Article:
Seasonal climate outlook: May 2017 - July 2017

Overview

The tropical Pacific overall remained in an ENSO (El Niño – Southern Oscillation) neutral state  (neither El Niño nor La Niña) during April 2017.

The strong ‘coastal El Niño’ which developed along the coast of South America (southern Ecuador and northern Peru) during February and March has now weakened. In the central equatorial Pacific Ocean, sea surface temperatures (SSTs) are close to or slightly above normal. Atmospheric patterns generally reflect ENSO-neutral conditions, but convective and rainfall anomalies in the central and western Pacific are still leaning towards weak La Niña-like conditions. Ocean subsurface waters are slightly warmer than normal at depth in the western Pacific and close to the surface in the eastern Pacific, and are generally consistent with an ENSO-neutral state. The Southern Oscillation Index (SOI) is currently negative with an estimated value of -0.4 for April 2017; i.e. on the El Niño side of neutral.

International guidance indicates that a transition towards El Niño conditions over the next three months period (May – July 2017) is more likely than not, with 56% chance, versus 44% chance for persistence of the current ENSO-neutral state. The models indicate increasing chance for El Niño becoming established later during the winter, with nearly 70% chance for the August to October period. Note however that ENSO forecasts made just before the start of the winter season have lower accuracy than at other times of the year, and the current spread between the models’ forecasts is significant.

For May – July 2017 as a whole, the atmospheric circulation around New Zealand is forecast to favour slightly more southwesterly flows than normal, but variable circulation regimes are to be expected over the course of the season.                       

Climate Scientist Nava Fadaeff explains the seasonal climate outlook for May-July 2017.

Outlook Summary

May – July 2017 temperatures are equally likely to be above average (40% chance) or near average (40% chance) for the north and west of the North Island and the north of the South Island and most likely to be near average (45% chance) for the remaining regions of New Zealand. As we transition towards winter, frosts and cold snaps will occur from time to time in cooler locations, even in regions where elevated chance for higher than normal seasonal temperatures is forecast. In fact, the first half of May is expected to experience cold outbreaks, with below or well below normal temperatures for the time of year – this will be in stark contrast to what was observed during April.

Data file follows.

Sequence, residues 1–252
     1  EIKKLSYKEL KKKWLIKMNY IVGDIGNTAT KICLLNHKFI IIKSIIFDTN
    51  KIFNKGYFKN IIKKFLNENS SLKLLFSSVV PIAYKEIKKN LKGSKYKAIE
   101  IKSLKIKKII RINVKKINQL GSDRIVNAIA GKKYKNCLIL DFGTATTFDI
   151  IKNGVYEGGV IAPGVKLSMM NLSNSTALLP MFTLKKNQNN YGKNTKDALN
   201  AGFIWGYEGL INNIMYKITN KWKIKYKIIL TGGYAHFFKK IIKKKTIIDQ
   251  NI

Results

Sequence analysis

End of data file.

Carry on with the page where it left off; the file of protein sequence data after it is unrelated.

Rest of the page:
May – July 2017 rainfall totals are most likely to be near normal (40-45% chance) in the north of the North Island and east of the South Island. Seasonal rainfall totals are about equally likely to be below normal (35-40% chance) or near normal (40% chance) for the west and east of the North Island and the north and west of the South Island.

May – July 2017 soil moisture levels and river flows are about equally likely to be near normal (35-40% chance) or above normal (35-40% chance) in the north of the North Island and the east of the South Island. In the west and east of the North Island, soil moisture levels and river flows are most likely to be in the near normal range (40% chance). Soil moisture levels and river flows are about equally likely to be near normal (40% chance) or below normal (35% chance) in the north of the South Island. In the west of the South Island, soil moisture levels are about equally likely to be below normal (45% chance) or near normal (40% chance) and river flows most likely to be in the below normal range (45% chance).